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A 13-year-old won $25,000 for a solar-panel invention that can locate the sun at any time
Dec 18, 2018
<h5>Georgia Hutchinson, a 13-year-old from California, recently won $25,000 for inventing a solar-energy system that can locate the sun at any time.</h5>
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<p>BUSINESS INSIDER -- Each year, hundreds of middle-school students compete in the national Broadcom Masters competition.This year's winner, Georgia Hutchinson, 13, invented a solar-energy system that can figure out the sun's location at any time.Hutchinson received $25,000 for her device and is working on patenting the invention.She told Business Insider she hoped the invention would provide an economic incentive for people to invest in solar energy.</p><p></p><p><br/></p><p></p><p>A 13-year-old scientist from California has won $25,000 for inventing a solar-panel system that can determine where the sun is at any given time.</p><p><br/></p><p>Georgia Hutchinson, from Woodside, California, took the top prize at the Broadcom Masters nationwide STEM competition for middle-school students. She placed first in a pool of 30 finalists, who received a total of $100,000 in prize money.</p><p><br/></p><p>The Society for Science &amp; the Public and the Broadcom Foundation, which supported the competition, also gave $1,000 to the STEM — science, technology, engineering, and math — program at Hutchinson's middle school.</p><p><br/></p><p>Hutchinson's invention, which she calls a data-driven dual-axis solar tracker, relies on publicly available data from the National Oceanic and Atmospheric Administration to track the sun and make solar panels more efficient. Instead of using costly sensors, the invention uses a computer program designed to figure out the sun's location and tilt solar panels for optimal power production.</p><p><br/></p><p>Hutchinson said she hoped that by helping solar panels produce more energy, the invention would provide an economic incentive for people to invest in solar power. Focusing on renewable resources to reduce our carbon footprint is crucial if we want to avoid extreme weather conditions, she said.</p><p><br/></p><p>Near Hutchinson's home in the San Francisco Bay Area, those kinds of weather conditions have led to disaster. In early November, Northern California was hit by the most devastating fire in the state's history; it killed at least 86 civilians.</p><p><br/></p><p>&#34;The smoke was so bad that thousands of schools all over the state had to be closed down because of the smoke,&#34; Hutchinson told Business Insider. &#34;We're seeing right now the effects of climate change, and the data-driven dual-axis solar tracker I built is designed to make solar energy more economical.&#34;</p><p><br/></p><p>Hutchinson said she was working with a lawyer to get her invention patented, adding that she would use the prize money for her education.</p><p><br/>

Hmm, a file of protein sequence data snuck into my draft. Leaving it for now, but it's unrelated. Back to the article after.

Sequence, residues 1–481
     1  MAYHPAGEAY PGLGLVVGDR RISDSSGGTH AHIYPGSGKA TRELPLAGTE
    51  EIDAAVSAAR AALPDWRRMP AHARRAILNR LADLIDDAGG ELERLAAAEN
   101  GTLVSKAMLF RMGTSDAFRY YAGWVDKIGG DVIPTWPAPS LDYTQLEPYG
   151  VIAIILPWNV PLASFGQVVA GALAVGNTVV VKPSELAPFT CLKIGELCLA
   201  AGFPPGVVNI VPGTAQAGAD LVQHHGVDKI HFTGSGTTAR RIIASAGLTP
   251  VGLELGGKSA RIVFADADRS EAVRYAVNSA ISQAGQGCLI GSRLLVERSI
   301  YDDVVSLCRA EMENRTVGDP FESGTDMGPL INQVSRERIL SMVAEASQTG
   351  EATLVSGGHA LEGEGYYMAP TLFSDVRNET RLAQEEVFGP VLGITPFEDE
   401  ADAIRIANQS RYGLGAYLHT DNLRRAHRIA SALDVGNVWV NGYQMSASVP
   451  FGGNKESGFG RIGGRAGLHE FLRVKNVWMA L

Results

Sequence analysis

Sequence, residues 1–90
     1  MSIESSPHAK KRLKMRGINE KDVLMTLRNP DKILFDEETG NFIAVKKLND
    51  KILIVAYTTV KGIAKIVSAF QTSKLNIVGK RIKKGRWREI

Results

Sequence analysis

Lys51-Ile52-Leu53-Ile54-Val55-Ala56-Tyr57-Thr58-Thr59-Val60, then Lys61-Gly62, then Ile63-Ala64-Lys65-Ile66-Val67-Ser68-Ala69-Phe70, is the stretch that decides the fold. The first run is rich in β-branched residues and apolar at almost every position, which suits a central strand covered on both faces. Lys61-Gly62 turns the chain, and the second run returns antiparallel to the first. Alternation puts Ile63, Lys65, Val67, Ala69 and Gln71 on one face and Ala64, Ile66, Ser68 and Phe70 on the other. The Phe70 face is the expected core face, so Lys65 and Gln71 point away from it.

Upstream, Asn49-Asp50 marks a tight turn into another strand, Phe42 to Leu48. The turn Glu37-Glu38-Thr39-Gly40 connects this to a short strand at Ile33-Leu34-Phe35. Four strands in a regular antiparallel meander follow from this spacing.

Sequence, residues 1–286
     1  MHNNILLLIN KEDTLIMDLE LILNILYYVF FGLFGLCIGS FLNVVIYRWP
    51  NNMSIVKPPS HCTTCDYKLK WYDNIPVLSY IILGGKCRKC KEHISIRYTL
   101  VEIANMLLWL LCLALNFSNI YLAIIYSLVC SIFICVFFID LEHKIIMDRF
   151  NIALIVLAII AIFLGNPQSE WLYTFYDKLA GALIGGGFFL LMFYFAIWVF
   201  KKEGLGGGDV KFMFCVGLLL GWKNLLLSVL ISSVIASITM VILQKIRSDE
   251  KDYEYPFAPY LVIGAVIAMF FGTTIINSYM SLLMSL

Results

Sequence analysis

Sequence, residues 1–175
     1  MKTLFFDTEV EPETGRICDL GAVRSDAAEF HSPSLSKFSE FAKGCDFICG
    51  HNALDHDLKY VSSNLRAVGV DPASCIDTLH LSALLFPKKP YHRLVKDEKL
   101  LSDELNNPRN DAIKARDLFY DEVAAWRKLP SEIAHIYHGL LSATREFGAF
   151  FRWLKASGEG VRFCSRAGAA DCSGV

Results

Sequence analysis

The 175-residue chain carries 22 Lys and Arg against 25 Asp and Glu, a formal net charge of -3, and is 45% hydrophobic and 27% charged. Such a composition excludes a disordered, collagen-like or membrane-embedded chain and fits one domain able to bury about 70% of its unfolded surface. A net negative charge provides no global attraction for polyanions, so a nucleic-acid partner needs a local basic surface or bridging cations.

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<br/></p><p>Maya Ajmera, the president and CEO of the Society for Science &amp; the Public, told Business Insider that only 10% of the nearly 80,000 students who present at science fairs are nominated to compete in Broadcom Masters. This year, a group of judges chose 300 contestants from a pool of 2,500 students who applied, then another judging panel narrowed the entries down to 30.</p><p><br/></p><p>Hutchinson's project stood out because it used publicly available data and was very accurate, Ajmera said. During a test of the device, the amount of electricity generated was within 5% of what Hutchinson's computer model predicted.</p><p><br/></p><p>Ajmera said the society supported the middle-school competition because it targets students during the most impressionable time in their lives.</p><p><br/></p><p>&#34;We think that this is the time if we can capture kids' excitement about STEM that that is going to pay huge dividends in the future,&#34; Ajmera said.</p><p><br/></p><p>After presenting her project at local and state science fairs, Hutchinson traveled to Washington, DC, for the final round of the competition.</p><p><br/></p><p>&#34;Knowing that people I met at Broadcom Masters will be influencing society in the future is really comforting to me,&#34; Hutchinson said. &#34;I was really inspired by everybody's passion, and everybody who was wanting to change the world for good and wanting to use STEM for that, regardless of where they came from.&#34;</p><p><br/></p><p>At home, Hutchinson often finds herself as the only girl in coding classes and other STEM activities, but the DC trip was a chance to spend time with about a dozen other girls who are passionate about STEM, she said.</p><p><br/></p><p>Hutchinson said she was pushing to make that more common. After being the only girl to join a computer-science elective in elementary school, Hutchinson created a chapter of the nonprofit Girls Who Code to get more of her peers interested in STEM.</p><p><br/></p><p>Since then, she has also launched a lunchtime design club, where she works with fourth- and fifth-grade girls on various projects, such as designing a hydraulic claw.</p><p><br/></p><p>&#34;I really want to show people that STEM isn't just for boys and that girls can do STEM too,&#34; Hutchinson said.</p> <p><br/></p><h5>Thank you to our friends at <i>BUSINESS INSIDER</i><i> </i>for providing the original articles below:</h5>
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